Google is a data company that is attempting to attract users to build social data around their online actions through Google+. Google realized belatedly how important “social” data was, and they’ve been playing catch up for several years. However, they have succeeded in monetizing data better than anyone else thus far. However, they have also felt the sting of user backlash when people felt they crossed the line.

Google+ is a useful early example of post-pure play social sites. I don’t claim to know whether Google will “succeed” with it, but as I’ve written here and here, I think they have a better chance than any ot the pure plays to monetize significantly because they are building social intelligence to inform their other products. This is the right impulse. I have given some use cases for Google products here (slides 10-13).

But Google is very different in a way that pure plays should contemplate long and hard: A large portion of its users have defined workstreams; they are trying to get something done, something defined in a search. They aren’t “socializing,” to which most people assign low value.

Next-gen social networks

‘Social’ is too core to human interactivity to be valued by itself, but it can increase human productivity incredibly. We’ll pay to do things it can help us accomplish.

Although people continue to spend increasing amounts of time on “social” platforms like Facebook, LinkedIn and Twitter, few people realize a “return” on their time investment. But users have arbitrarily organized their lives around the trilogy (“LinkedIn for work, Facebook for personal, Twitter for whatever”). People have extensive mental resistance to moving beyond three due to lack of ROI and perceived lack of time. They lack the experience to compare platforms according to their specific use cases and to select the best ones. This leads me to predict that no platform will “replace” any of the “big three.”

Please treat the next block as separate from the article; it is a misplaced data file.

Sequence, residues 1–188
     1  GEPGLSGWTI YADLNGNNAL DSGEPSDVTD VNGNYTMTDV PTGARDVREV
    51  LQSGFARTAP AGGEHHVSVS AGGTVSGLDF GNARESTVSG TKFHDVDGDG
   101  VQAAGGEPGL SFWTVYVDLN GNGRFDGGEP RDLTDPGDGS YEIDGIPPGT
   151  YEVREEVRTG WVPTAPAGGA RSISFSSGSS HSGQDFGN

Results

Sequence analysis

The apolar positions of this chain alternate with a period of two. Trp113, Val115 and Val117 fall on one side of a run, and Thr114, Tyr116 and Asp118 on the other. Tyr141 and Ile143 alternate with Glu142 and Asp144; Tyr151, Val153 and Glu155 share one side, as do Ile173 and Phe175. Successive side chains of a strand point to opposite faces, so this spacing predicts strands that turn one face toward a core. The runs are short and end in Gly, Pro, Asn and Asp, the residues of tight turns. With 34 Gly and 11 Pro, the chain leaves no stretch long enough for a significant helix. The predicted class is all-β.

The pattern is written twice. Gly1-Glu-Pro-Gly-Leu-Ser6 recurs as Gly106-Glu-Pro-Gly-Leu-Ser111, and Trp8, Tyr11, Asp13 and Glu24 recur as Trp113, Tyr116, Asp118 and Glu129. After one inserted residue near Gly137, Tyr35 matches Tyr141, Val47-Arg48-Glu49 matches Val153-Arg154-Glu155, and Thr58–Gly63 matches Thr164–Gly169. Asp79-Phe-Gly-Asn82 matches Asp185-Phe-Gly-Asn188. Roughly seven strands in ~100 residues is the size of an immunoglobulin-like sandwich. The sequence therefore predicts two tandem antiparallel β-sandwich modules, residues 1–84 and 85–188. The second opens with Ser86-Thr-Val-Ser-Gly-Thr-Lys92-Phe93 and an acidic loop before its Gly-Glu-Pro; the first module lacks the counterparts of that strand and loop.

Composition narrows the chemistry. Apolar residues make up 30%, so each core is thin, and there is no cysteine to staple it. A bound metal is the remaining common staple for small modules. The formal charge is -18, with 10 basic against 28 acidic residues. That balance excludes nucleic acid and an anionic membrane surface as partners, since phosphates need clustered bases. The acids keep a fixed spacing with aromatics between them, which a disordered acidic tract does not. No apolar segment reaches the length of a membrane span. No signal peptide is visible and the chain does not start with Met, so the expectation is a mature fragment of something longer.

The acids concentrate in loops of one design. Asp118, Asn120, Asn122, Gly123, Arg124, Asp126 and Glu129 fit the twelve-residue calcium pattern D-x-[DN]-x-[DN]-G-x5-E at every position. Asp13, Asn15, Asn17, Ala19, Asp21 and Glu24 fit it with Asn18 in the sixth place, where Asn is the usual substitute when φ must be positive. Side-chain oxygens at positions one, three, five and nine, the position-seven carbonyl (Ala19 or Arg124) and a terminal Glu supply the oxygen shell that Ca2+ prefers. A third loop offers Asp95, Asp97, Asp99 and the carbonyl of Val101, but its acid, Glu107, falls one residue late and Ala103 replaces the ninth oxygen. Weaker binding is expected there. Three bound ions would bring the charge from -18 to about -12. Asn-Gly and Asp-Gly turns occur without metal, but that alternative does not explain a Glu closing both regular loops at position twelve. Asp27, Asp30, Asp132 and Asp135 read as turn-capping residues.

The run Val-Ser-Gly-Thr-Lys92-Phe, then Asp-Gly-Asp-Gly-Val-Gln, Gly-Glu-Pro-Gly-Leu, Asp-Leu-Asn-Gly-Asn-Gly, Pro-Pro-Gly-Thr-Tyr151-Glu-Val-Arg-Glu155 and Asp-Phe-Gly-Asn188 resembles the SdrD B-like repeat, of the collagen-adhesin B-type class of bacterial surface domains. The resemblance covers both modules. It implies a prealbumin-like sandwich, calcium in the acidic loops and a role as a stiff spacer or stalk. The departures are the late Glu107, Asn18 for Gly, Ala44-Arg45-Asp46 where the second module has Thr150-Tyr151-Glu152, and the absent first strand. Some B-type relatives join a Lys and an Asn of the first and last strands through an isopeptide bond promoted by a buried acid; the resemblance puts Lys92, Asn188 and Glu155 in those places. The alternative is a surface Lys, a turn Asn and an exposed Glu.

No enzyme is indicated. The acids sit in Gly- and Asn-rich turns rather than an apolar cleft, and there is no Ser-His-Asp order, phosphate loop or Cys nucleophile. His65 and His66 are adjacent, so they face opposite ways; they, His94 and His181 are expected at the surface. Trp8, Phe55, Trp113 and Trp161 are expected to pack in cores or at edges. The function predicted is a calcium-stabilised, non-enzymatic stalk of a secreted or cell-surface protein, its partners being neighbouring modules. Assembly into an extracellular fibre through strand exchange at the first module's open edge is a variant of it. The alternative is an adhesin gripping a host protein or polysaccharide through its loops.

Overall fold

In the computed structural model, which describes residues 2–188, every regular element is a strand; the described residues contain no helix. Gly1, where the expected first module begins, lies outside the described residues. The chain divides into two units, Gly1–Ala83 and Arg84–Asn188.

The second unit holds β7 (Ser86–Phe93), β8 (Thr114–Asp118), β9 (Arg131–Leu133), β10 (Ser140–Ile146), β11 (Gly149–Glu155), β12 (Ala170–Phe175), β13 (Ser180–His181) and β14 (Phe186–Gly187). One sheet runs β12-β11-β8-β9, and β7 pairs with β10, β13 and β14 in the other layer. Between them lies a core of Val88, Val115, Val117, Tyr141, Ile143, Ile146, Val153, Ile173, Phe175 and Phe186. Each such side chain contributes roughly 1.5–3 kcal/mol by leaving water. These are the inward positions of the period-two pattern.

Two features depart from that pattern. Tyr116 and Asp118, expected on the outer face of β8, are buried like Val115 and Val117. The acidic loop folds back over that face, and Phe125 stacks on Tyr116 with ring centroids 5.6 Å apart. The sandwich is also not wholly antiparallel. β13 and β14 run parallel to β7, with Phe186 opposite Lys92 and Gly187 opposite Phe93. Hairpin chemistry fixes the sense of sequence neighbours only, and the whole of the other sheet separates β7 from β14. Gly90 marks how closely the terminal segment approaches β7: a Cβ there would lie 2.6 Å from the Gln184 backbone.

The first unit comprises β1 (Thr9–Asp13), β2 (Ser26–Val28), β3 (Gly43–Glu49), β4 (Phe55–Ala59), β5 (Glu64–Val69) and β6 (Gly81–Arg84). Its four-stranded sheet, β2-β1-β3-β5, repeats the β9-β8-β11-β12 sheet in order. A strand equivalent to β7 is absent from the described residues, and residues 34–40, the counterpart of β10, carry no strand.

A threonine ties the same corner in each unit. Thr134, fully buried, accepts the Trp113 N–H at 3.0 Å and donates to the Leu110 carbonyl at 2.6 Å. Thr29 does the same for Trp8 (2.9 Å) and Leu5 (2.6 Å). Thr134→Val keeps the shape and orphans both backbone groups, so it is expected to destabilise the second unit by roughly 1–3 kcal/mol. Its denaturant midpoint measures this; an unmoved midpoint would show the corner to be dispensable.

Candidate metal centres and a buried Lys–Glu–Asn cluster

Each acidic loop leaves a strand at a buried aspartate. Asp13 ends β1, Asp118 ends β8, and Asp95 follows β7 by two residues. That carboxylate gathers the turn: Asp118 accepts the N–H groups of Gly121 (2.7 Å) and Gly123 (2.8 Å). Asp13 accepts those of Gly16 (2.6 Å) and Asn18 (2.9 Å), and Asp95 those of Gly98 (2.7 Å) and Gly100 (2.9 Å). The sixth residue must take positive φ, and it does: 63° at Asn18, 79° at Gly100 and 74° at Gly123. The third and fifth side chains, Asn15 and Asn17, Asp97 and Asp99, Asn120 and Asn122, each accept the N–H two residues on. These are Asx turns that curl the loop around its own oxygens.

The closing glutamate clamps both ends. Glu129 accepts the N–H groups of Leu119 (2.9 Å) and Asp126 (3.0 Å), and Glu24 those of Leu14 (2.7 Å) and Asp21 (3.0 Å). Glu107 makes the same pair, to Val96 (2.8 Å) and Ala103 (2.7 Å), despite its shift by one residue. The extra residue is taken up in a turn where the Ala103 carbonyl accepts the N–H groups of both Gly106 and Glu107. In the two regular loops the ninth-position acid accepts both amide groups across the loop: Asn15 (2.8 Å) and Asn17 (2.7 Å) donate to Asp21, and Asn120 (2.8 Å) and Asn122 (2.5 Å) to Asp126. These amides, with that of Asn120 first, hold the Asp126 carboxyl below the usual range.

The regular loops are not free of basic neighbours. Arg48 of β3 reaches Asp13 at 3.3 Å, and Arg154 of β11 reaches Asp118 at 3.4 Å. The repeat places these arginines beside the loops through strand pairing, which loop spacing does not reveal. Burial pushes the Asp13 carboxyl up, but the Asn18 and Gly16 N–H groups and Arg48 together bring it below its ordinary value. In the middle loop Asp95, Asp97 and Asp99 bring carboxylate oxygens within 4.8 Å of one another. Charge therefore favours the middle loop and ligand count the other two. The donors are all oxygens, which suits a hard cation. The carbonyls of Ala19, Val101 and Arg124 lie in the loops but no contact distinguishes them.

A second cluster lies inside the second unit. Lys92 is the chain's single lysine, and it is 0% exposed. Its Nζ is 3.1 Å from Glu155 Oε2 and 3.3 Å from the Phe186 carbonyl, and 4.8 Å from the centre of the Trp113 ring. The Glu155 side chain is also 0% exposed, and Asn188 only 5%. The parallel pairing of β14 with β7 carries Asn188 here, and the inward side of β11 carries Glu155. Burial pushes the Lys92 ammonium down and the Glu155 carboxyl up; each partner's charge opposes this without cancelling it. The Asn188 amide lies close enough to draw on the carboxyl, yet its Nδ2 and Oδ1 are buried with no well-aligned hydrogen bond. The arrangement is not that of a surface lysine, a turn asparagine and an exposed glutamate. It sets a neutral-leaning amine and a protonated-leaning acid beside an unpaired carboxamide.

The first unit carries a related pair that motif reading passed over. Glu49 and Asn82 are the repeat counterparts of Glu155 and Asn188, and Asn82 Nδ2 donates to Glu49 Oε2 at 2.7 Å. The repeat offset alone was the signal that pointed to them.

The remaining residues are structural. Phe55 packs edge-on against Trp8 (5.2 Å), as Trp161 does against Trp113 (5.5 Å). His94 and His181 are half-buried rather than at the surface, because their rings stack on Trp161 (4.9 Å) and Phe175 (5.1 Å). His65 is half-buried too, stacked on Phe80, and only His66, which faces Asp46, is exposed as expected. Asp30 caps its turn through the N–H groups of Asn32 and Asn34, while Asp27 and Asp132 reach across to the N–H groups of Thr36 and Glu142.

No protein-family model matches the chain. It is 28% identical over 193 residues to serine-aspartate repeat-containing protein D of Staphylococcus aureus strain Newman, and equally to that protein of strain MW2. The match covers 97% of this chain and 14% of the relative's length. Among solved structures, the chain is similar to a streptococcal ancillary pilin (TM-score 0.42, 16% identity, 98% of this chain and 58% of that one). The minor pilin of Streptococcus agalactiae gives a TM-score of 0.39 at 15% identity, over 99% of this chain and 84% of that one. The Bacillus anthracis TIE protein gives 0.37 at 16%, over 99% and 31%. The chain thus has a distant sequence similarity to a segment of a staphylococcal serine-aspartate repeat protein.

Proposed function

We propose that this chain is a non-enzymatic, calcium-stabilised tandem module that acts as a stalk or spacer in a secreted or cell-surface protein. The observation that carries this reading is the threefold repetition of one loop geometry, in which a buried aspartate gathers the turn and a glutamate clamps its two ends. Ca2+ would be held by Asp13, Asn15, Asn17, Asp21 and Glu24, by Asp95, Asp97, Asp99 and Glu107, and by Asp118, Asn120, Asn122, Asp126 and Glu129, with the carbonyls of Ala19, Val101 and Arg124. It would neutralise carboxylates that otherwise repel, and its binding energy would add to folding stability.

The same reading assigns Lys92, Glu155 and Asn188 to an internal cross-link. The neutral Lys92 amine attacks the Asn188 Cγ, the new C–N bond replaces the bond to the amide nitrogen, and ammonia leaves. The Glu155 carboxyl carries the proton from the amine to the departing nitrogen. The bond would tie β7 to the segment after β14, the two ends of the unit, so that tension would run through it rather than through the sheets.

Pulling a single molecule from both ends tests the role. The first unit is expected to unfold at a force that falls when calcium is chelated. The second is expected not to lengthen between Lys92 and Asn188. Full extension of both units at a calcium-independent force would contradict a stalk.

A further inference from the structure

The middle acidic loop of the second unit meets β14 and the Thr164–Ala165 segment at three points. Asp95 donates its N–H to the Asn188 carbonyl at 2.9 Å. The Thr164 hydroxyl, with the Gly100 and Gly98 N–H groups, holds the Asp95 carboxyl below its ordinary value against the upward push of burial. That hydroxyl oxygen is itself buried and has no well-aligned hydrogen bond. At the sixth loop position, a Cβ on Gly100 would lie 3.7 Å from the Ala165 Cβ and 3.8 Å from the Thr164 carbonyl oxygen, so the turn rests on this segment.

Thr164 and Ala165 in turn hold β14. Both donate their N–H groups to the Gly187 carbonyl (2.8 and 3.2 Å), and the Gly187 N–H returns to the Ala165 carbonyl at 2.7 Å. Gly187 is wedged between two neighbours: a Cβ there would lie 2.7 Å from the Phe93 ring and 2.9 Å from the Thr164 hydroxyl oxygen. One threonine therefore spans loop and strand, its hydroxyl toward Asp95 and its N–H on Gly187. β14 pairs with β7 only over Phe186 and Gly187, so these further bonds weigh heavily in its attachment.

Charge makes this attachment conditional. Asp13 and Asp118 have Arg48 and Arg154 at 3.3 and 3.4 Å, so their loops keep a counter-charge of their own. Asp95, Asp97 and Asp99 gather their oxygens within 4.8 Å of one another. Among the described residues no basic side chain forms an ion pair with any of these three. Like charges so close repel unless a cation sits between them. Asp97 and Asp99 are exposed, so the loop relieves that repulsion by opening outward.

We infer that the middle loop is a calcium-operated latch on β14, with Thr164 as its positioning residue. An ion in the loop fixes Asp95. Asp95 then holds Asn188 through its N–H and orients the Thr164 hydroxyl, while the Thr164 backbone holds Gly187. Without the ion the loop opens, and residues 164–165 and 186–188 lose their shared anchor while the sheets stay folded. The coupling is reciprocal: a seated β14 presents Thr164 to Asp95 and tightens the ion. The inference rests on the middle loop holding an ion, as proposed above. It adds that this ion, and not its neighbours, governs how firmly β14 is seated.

Instead, social network pure plays will fade in importance and be gradually displaced by sites with deep social features, but their main characteristics will be deep domain knowledge and business process support, which will draw members with highly defined backgrounds. I do not mean this in a Web 1.0 sense in which sites were siloed and “B2B communities/marketplaces” failed. Web 3.0 interoperates, and data flows around. People will pay to accomplish meaningful things more quickly than they can otherwise. And their data can be reused and resold, as long as they agree and can see the benefits.

“Social” is too core to human interactivity to be valued by itself, but it can increase human productivity incredibly; it’s our OS, so we won’t pay for it by itself. We will pay to do things it can help us accomplish.

Where does this leave Facebook?